July 21, 2024
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Linking Northern and Central NJ, Bronx, Manhattan, Westchester and CT

Ironman Lake Placid 2022: Part 19

1:27 p.m. (5.75 hours since race start)

Racing is about challenging yourself to do the “hard” thing and find that you have within you the ability to do things you didn’t think you could … in my case, things you were scared of. On this second loop, I shelved my fear, focused my eyes on the road in front of me and I pedaled as fast as I could to start my descent on Keene. At the beginning of the descent there are three yellow signs that warn riders for the “Next ¾ mile, use low gear,” but those words don’t do justice to the challenge that lies beyond the sign they are printed on.

When I raced Ironman Lake Placid in 2021 my front wheel started to wobble on this descent when the bike reached 40 miles per hour. That year I limited myself to 42 miles per hour, holding on for dear life as the bike vibrated for a mile and a half down the road. I felt like Han Solo in “Star Wars” when he told his ship to “hold together.” I had a post-race conversation with Joe LoPorto at FitwerxNJ, the man who built my bike.

It was the style of the front wheel that created vibrations at speeds over 40 mph. I was chasing my 2016 record of 46 miles per hour. I didn’t feel like changing my wheel set just for one road,

but I also want to reach the bottom of this mountain while still riding my bike, so I accepted the limitation of physics. This year on the first loop I had expected the vibrations to return, but they didn’t. I can only guess that this year was smoother due to a lack of crosswinds. My first descent peaked at 42 miles per hour. When I reached the bottom at the end of the first, I realized that I needed to go for it on the second loop. There’s a point on a descent where pedaling becomes obsolete. You are in your highest gear, but you feel zero resistance when you pedal because the wheels are rotating faster than you can pedal. That is the point where the machine becomes the glider. You are just coasting with the sun on your face and the bottom of the mountain is miles down the road from you.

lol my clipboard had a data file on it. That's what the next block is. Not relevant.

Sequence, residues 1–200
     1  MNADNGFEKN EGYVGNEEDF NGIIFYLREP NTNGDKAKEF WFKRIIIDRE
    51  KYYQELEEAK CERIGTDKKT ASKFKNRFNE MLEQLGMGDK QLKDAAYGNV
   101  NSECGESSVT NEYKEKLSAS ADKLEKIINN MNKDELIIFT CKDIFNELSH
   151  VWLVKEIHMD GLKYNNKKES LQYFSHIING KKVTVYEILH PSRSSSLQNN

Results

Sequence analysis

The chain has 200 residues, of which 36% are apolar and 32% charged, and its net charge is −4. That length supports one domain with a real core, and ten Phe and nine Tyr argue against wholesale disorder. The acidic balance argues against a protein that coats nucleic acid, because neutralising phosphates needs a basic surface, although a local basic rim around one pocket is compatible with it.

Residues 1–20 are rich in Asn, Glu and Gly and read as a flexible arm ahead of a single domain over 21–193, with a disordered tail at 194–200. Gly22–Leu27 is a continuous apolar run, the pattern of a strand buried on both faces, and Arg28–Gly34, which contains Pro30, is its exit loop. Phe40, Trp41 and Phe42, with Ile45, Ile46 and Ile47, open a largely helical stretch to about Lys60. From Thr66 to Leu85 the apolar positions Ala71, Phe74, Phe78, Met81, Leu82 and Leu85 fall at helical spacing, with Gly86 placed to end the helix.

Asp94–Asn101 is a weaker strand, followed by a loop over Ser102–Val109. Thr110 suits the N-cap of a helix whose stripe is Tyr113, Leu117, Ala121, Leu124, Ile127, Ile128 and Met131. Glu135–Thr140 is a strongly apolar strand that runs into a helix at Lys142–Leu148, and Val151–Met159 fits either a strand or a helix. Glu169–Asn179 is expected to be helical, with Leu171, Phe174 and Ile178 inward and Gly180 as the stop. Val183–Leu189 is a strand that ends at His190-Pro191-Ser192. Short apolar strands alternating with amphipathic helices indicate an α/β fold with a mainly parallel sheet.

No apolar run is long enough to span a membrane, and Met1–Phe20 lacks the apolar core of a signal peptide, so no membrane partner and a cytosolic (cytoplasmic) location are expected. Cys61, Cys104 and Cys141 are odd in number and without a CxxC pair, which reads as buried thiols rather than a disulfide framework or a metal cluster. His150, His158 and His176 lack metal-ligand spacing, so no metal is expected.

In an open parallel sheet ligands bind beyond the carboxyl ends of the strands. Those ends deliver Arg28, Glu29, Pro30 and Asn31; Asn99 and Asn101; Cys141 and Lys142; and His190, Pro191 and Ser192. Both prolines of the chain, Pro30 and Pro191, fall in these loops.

It was also the moment when I remembered that those 25-millimeter-wide tires were heating up due to the increase in speed.

(How much heat is created at speeds over 40 mph?)

Between 150-180oF, which is why I’m grateful that there is no glue involved.

(Glue?)

There’s a story about a rider on the Tour de France whose tire glue melted on a descent like this one due to the heat coming off the road in the summer sun.

(You don’t use glue, do you?)

No, my tires are what are called clinchers. They attach to the bike wheels by hooking under the lip of the wheel.

One third of the way down the mountain the bike reached 47 mph. This was a new record for me, but I only had a split second to look. I had to watch the road. The next time that you are driving, say 45-50 mph, notice just how fast the objects outside your window go by. Then remind yourself, “David had to balance on two wheels.”

(Ok, wait. Stop the narrative. What does 47 mph feel like when you are riding on 25 millimeters of rubber?)

It is exciting and terrifying. I could feel the flesh of my cheeks rippling in the wind. My eyes, hidden behind sunglasses, squinted in an effort to focus on everything in front of the bike.

Yet, I heard nothing. The world was silently passing behind me. Only when I turned slightly to the left or right did I hear the wind whooshing past me. It is the sound you hear when you put a shell to your ear at the sea.

(Isn’t that just your own pulse echoing back at you?)

This speed required all of my mental and physical energy. For the next five minutes, 300 seconds, every decision had to be perfect. There were slower riders in front of me who were in the passing lane. I didn’t want to slow down and I didn’t want to move over to the incoming traffic lane to get around them. Add to that the fact that the road is not straight. It curses, so you have to lean into the curve hoping that your tires keep gripping the asphalt. I had to time my pass perfectly or someone was going to get very hurt at these speeds.


David Roher is a USAT certified triathlon and marathon coach. He is a multi-Ironman finisher and veteran special education teacher. He is on Instagram @David Roher140.6.

He can be reached at [email protected].

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